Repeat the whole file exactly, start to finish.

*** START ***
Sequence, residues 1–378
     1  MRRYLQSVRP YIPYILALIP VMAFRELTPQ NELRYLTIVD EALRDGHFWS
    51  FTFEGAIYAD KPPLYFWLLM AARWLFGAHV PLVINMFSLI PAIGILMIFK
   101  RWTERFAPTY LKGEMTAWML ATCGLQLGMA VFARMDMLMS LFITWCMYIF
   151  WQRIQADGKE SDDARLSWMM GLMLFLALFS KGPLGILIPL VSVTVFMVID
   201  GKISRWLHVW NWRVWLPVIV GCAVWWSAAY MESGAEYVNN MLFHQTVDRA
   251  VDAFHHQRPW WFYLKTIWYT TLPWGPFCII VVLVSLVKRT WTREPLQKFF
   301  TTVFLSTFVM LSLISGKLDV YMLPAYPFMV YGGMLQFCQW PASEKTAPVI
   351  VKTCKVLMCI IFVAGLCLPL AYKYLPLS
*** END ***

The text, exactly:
Sequence, residues 1–378
     1  MRRYLQSVRP YIPYILALIP VMAFRELTPQ NELRYLTIVD EALRDGHFWS
    51  FTFEGAIYAD KPPLYFWLLM AARWLFGAHV PLVINMFSLI PAIGILMIFK
   101  RWTERFAPTY LKGEMTAWML ATCGLQLGMA VFARMDMLMS LFITWCMYIF
   151  WQRIQADGKE SDDARLSWMM GLMLFLALFS KGPLGILIPL VSVTVFMVID
   201  GKISRWLHVW NWRVWLPVIV GCAVWWSAAY MESGAEYVNN MLFHQTVDRA
   251  VDAFHHQRPW WFYLKTIWYT TLPWGPFCII VVLVSLVKRT WTREPLQKFF
   301  TTVFLSTFVM LSLISGKLDV YMLPAYPFMV YGGMLQFCQW PASEKTAPVI
   351  VKTCKVLMCI IFVAGLCLPL AYKYLPLS